Gautam Chhaochharia, Executive Director And Head Of India Research, UBS

Budget Stimulus?

The World Bank lowered India’s economic growth forecast to 7 percent from 7.6 percent in 2016-2017 post demonetisation, as a large part of transactions in India are cash driven. Investors expect the Budget to include extra spending to revive growth.

I think the sops are coming, definitely. They also perceive politically that the people have had a hard time and therefore you need to give them some positive vibes so that they can start spending again in a big way. So I would expect some fiscal stimulus of some kind or the other, either through reduced taxes or through increased spending or a combination of both, some recapitalisation for banks but a lot will depend on the final arithmetic and legal leeway that they get to transfer some of this money to the consumer.
Vibhav Kapoor, Group Chief Investment Officer, IL&FS

Also Read: Budget 2017: Four Things Arun Jaitley Can Do To Keep Economists Happy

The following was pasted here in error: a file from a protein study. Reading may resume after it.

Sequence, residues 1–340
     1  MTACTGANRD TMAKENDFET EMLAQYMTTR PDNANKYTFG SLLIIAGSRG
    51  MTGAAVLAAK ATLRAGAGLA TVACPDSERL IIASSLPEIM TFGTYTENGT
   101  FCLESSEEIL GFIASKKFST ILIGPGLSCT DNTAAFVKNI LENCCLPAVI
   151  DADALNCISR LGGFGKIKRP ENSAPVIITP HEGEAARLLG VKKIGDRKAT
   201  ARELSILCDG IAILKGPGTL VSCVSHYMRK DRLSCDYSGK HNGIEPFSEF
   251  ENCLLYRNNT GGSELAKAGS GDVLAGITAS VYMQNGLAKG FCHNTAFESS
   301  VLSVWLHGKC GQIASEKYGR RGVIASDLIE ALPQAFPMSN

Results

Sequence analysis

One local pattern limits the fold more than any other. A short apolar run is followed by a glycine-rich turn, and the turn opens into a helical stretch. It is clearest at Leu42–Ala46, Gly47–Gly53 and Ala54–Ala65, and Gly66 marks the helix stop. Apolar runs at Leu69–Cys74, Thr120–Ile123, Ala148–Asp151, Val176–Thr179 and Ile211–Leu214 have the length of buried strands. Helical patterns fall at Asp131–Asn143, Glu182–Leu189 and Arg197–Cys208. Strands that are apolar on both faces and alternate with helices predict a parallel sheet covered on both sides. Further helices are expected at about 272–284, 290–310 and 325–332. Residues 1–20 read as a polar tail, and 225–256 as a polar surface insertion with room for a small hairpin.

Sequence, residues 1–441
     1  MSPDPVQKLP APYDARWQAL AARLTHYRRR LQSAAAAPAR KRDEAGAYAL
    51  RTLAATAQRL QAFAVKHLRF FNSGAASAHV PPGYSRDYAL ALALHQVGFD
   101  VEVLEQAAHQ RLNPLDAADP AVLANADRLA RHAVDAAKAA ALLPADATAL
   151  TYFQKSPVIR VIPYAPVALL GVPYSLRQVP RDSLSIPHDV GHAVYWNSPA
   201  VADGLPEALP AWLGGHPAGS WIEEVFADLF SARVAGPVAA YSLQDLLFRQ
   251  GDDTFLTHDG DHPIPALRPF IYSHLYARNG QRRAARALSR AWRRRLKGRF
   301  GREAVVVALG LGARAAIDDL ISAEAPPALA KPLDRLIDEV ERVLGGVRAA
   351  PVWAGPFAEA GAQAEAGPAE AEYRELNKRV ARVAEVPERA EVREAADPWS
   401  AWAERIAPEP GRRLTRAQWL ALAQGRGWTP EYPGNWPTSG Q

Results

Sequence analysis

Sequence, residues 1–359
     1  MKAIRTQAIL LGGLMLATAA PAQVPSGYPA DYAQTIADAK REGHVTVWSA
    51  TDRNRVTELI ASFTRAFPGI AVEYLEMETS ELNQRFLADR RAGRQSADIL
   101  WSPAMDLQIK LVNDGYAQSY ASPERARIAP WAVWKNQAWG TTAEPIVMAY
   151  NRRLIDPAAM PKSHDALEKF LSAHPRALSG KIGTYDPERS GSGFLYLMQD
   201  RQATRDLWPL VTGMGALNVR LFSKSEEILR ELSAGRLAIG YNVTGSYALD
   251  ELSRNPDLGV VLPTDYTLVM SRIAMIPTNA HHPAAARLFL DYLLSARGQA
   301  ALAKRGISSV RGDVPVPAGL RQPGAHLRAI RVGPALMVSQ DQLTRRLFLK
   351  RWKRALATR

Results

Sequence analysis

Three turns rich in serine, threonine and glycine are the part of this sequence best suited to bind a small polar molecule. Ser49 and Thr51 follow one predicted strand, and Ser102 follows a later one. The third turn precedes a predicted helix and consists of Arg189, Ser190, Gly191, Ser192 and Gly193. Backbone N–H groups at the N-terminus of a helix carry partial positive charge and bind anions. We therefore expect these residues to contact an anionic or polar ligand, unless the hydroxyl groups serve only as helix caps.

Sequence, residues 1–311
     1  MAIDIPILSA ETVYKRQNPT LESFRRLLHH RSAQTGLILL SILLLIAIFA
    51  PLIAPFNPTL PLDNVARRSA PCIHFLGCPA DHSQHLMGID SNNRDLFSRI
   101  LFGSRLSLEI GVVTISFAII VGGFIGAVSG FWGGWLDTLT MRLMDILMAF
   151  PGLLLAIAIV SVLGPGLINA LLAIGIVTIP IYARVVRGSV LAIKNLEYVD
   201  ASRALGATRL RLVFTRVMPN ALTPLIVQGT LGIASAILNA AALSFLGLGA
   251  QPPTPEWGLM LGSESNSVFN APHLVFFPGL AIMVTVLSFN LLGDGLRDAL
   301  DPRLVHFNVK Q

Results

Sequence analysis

Big Infrastructure Push?

The government’s support for the infrastructure sector would be another key focus area, according to analysts and market participants.

"We expect the government capital spending to increase by 26 percent. However, the government’s spending priorities are likely to remain directed towards creating assets rather than giving subsidies," Goldman Sachs said in a note dated January 19.

We all know that private sector investment is not going to start in a hurry. Our expectation is that private sector investments are at least a year away. This year, the government will have to kickstart the investment cycle because that will release money in the hands of the people, which will start consumption.
Rashesh Shah, Chairman And CEO, Edelweiss Financial Services

Tax Relief?

The Budget is also expected to provide some boost to consumption through lower taxes and support businesses via lower corporate tax rates. In Budget 2015, Jaitley had announced the government’s intention to gradually reduce corporate tax to 25 percent and market participants expect some clarity on this matter.